Creating a Data Governance Culture
Why do people quietly run for the exits when they hear the words “data governance?”
I’ve seen it many times. The trepidation is real. It feels daunting. It is by no measure a small project. Implementing a data governance framework across a large organization can be measured in years, not months or quarters.
And yet data governance continues to rise in importance. The introduction of the General Data Protection Regulation (GDPR) framework in the EU and the California Consumer Privacy Act (CPAA) are both clear signals of the greater regulation that’s coming for data usage and data management. Healthcare and pharmaceutical companies have worked under tight data regulations for years, but retail organizations as a whole, to choose one example, have yet to fully awaken to the implications of closely governing and implementing data security protocols for their data and that of their customers.
Data-driven cultures require governance
Data governance isn’t an optional add-on for a successful data culture, but a core component of developing one. Standardized guidance and principles are essential to determine:
- how to use data
- where to store data
- how to label data
- how to access data
- how to update data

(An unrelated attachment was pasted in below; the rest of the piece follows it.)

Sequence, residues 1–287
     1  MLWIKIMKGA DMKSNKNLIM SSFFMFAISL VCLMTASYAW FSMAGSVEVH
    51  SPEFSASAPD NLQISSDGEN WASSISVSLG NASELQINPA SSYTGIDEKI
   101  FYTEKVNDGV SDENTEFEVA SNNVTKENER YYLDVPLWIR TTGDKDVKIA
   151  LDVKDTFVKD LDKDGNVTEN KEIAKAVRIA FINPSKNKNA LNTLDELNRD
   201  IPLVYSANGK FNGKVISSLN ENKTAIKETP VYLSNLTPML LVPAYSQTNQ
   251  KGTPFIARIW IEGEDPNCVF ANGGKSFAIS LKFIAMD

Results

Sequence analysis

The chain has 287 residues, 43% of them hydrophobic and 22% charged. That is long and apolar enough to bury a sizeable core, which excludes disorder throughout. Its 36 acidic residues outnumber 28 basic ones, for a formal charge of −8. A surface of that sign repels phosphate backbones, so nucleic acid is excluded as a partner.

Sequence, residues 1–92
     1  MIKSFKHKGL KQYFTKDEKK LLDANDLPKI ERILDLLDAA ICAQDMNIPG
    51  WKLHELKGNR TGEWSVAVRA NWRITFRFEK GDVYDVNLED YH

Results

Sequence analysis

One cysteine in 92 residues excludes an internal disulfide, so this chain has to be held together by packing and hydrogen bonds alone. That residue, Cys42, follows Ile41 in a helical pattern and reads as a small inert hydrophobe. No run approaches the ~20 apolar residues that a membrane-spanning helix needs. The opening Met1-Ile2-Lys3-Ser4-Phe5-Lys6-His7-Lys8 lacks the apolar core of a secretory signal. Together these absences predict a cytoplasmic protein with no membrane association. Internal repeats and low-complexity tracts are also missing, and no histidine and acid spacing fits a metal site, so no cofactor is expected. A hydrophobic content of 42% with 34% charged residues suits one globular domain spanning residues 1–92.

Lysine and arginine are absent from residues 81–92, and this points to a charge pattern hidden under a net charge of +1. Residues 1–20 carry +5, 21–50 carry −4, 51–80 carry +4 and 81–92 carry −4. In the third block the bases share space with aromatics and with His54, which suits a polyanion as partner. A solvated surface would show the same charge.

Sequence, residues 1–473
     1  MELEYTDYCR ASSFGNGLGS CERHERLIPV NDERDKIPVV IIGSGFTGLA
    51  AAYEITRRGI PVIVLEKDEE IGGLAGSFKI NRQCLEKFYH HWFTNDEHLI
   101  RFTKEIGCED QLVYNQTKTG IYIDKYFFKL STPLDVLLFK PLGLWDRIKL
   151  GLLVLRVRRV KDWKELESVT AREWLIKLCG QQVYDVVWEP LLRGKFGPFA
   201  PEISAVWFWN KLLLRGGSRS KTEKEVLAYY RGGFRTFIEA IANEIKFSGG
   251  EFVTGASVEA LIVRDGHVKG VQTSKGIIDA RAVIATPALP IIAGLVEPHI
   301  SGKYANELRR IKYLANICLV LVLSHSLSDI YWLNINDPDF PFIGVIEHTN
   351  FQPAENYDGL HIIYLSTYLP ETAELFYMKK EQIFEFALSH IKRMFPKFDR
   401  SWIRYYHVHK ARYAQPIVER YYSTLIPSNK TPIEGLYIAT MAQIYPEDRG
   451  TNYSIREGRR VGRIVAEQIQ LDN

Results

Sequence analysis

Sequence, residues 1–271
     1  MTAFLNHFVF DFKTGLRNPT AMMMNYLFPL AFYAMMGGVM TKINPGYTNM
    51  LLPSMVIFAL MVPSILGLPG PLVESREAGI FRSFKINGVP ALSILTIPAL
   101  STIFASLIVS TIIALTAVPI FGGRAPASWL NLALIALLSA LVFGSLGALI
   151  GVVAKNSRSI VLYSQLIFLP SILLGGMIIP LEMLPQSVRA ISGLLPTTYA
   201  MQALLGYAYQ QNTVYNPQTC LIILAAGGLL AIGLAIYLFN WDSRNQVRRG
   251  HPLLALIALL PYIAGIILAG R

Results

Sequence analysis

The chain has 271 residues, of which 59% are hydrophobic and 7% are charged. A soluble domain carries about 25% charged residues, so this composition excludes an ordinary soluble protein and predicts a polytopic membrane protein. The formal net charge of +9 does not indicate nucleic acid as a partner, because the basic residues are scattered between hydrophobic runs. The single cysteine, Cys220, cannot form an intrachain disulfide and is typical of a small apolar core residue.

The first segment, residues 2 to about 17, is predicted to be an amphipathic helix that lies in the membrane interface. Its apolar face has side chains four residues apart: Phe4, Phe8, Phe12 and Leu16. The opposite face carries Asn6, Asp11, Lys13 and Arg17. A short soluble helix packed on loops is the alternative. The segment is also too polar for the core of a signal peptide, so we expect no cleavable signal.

- what to do in case of a data breach
- how to look for data bias
All of those processes fall under data governance, the direction for which needs to come from the top. It starts with a strategy but it also requires a lot of education.
The importance of data governance strategy
Although it is up to leadership to set the direction, they don't have to do it alone. Many people on staff, whether individuals or committees, are happy to help them develop and implement a data governance strategy. And as long as you set expectations accordingly, understand the timeline, and take one step at a time, ideally identifying the low-hanging fruit first, you’ll increase your success rate.
To get started, think about some data standards you can implement now that most individuals in the organization are already using, even if they’re not yet formalized. Think about what your objectives are, where you want to see the organization in five years in relation to data usage, and map out what has to happen into a data governance framework.
Implementing a data governance program really works best one step at a time, which means it’s not an overnight transformation. What data leaders do need to understand, however, is that it’s not just another initiative. Data governance is a cultural shift, and it’s built on strong data literacy and strong leadership from the top.